From Middle English bely, beli, bali, below, belew, balyw, from Old English bielġ (“bag, pouch, bulge”), from Proto-West Germanic *balgi, *balgu, from Proto-Germanic *balgiz, *balguz (“skin, hide, bellows, bag”), from Proto-Indo-European *bʰelǵʰ- (“to swell, blow up”). Cognate with Dutch balg, German Balg, Danish bælg. Doublet of bellows, blague, bulge, and budge. See also bellows.
belly (plural bellies)
- The abdomen, especially a fat one.
- You've grown a belly over Christmas! Time to join the gym again.
- The stomach.
- My belly was full of wine.
- The womb.
- 1611, The Holy Bible, […] (King James Version), London: […] Robert Barker, […], →OCLC, Jeremiah 1:5:
- Before I formed thee in the bellie, I knew thee; […]
- The lower fuselage of an airplane.
- 1994, Nelson Mandela, Long Walk to Freedom, Abacus, published 2010, page 454:
- There was no heat, and we shivered in the belly of the plane.
- The part of anything which resembles (either closely or abstractly) the human belly in protuberance or in concavity; often, the fundus (innermost part).
- the belly of a flask, muscle, violin, sail, or ship
- 1611, The Holy Bible, […] (King James Version), London: […] Robert Barker, […], →OCLC, Jonah 2:2:
- […] I cried by reason of mine affliction vnto the Lord, and hee heard mee; out of the belly of hell cried I, and thou heardest my voyce.
- The main curved portion of a knife blade.
- (architecture) The hollow part of a curved or bent timber, the convex part of which is the back.
- Formerly, all the splanchnic or visceral cavities were called bellies: the lower belly being the abdomen; the middle belly, the thorax; and the upper belly, the head.
- Bali belly
- beer belly
- belly bag
- belly band
- belly boat
- belly breathing
- belly buster
- belly button/belly-button
- belly button ring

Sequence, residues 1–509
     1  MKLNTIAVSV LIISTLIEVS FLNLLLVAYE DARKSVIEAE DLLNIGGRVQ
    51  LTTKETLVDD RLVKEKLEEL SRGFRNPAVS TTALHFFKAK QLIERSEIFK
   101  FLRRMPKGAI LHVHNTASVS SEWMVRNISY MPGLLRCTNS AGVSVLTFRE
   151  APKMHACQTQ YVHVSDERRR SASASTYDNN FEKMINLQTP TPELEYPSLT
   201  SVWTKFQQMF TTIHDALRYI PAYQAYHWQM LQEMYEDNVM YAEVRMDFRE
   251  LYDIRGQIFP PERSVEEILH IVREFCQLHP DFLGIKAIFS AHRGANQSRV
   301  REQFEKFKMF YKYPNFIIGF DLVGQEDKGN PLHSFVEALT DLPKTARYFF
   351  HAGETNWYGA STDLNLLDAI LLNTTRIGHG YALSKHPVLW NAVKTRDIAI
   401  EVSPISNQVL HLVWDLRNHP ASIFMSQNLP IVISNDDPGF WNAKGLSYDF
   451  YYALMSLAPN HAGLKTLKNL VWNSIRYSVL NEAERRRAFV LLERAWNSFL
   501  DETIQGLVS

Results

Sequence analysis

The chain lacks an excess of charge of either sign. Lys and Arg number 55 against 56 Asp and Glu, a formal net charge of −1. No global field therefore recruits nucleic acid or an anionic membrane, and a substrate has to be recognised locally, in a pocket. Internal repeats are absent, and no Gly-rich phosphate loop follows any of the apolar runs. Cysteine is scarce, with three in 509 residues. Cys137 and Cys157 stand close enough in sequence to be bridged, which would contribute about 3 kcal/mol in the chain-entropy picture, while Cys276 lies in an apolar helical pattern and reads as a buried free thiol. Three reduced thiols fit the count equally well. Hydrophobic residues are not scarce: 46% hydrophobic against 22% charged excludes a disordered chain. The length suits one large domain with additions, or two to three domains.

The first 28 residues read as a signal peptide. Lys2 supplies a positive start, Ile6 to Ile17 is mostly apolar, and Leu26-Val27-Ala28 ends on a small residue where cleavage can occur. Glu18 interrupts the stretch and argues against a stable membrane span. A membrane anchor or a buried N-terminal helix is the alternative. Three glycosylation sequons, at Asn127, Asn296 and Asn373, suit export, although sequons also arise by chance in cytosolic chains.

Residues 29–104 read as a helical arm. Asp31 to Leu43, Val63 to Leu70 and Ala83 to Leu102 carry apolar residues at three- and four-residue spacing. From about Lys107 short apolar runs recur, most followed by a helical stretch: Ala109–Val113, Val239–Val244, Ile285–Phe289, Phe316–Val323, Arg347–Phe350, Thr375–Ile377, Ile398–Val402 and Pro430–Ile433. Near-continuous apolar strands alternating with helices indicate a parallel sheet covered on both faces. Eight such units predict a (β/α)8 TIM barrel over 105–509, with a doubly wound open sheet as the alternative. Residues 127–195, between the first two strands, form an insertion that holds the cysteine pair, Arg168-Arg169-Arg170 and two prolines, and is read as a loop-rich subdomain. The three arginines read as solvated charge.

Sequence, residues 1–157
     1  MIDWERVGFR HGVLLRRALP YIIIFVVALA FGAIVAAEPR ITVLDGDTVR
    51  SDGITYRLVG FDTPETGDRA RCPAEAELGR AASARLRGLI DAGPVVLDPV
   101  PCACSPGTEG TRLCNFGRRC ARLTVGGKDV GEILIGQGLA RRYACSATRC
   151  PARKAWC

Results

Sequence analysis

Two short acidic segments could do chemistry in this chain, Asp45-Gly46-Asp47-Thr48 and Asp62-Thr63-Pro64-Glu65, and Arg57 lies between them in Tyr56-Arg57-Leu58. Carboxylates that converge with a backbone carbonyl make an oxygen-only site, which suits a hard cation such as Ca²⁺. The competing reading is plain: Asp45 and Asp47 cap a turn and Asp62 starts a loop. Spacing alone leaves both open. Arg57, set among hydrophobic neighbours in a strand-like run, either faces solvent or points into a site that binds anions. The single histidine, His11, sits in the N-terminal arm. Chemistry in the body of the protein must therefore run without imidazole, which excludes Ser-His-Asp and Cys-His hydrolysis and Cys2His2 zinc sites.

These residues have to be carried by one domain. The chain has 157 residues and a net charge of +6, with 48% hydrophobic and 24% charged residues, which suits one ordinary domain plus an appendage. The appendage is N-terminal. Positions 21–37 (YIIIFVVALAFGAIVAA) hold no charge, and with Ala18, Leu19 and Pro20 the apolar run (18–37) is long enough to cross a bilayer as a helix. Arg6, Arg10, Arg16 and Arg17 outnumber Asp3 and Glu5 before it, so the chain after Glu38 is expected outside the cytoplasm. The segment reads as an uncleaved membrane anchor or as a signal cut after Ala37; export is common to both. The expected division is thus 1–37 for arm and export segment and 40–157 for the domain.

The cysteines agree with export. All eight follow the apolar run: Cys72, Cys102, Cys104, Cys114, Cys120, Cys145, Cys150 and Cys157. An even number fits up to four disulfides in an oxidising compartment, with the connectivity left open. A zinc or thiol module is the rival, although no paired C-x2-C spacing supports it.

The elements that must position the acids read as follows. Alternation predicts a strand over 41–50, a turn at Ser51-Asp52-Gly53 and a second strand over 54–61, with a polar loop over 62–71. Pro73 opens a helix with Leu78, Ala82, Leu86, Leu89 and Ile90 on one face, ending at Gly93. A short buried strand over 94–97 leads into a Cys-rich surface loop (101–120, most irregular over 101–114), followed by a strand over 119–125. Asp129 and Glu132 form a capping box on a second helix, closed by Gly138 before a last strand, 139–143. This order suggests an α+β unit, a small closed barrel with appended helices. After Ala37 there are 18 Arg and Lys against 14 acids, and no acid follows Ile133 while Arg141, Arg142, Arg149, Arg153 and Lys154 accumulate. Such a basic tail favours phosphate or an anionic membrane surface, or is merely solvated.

- belly chain
- belly dance/belly-dance
- belly dancer/belly-dancer
- belly dancing
- belly dumper
- belly flop/bellyflop
- belly flopper
- belly landing
- belly laugh/belly-laugh
- belly of the beast
- belly of the whale
- belly ring
- belly shirt
- belly up to the bar
- belly vengeance
- belly whop
- belly whopper
- blue belly
- Buddha belly
- Buddha belly bamboo
- corona belly
- Delhi belly
- double belly buster
- drum belly
- empathy belly
- fire in one's belly
- fire in the belly
- go belly-up
- jelly belly
- lower than a snake's belly
- pink belly
- plead the belly
- pork belly
- possum belly
- pot belly
- prune belly syndrome
- slow belly
- whip-belly vengeance
- whistle-belly vengeance
- wolf in one's belly
- yellow belly
- Sranan Tongo: bere
abdomen — See also translations at abdomen
stomach — see stomach
the part of anything resembling a belly
belly (third-person singular simple present bellies, present participle bellying, simple past and past participle bellied)
- To position one’s belly; to move on one’s belly.
- 1903 July, Jack London, “The Sounding of the Call”, in The Call of the Wild, New York, N.Y.: The Macmillan Company; London: Macmillan & Co., →OCLC, page 220:
- Bellying forward to the edge of the clearing, he found Hans, lying on his face, feathered with arrows like a porcupine.
- (intransitive) To swell and become protuberant; to bulge or billow.
- 1700, [John] Dryden, “Homer’s Ilias”, in Fables Ancient and Modern; […], London: […] Jacob Tonson, […], →OCLC, book I, page 213:
- The Pow'r appeaſ'd, with Winds ſuffic'd the Sail, / The bellying Canvaſs ſtrutted with the Gale; […]
- 1890, Rudyard Kipling, The Rhyme of the Three Captains:
- The halliards twanged against the tops, the bunting bellied broad,
- 1914, Theodore Roosevelt, chapter 6, in Through the Brazilian Wilderness:
- There were trees whose trunks bellied into huge swellings.
- 1917 rev. 1925 Ezra Pound, "Canto I"
- winds from sternward
- Bore us onward with bellying canvas ...
- 1930, Otis Adelbert Kline, The Prince of Peril, serialized in Argosy, Chapter 1,
- The building stood on a circular foundation, and its walls, instead of mounting skyward in a straight line, bellied outward and then curved in again at the top.
- (transitive) To cause to swell out; to fill.
- c. 1602, William Shakespeare, “The Tragedie of Troylus and Cressida”, in Mr. William Shakespeares Comedies, Histories, & Tragedies […] (First Folio), London: […] Isaac Iaggard, and Ed[ward] Blount, published 1623, →OCLC, [Act II, scene ii]:
- Your breath of full consent bellied his sails; […]
- 1920, Sinclair Lewis, chapter I, in Main Street: The Story of Carol Kennicott, New York, N.Y.: Harcourt, Brace and Howe, →OCLC:
- A breeze which had crossed a thousand miles of wheat-lands bellied her taffeta skirt in a line so graceful, so full of animation and moving beauty, that the heart of a chance watcher on the lower road tightened to wistfulness over her quality of suspended freedom.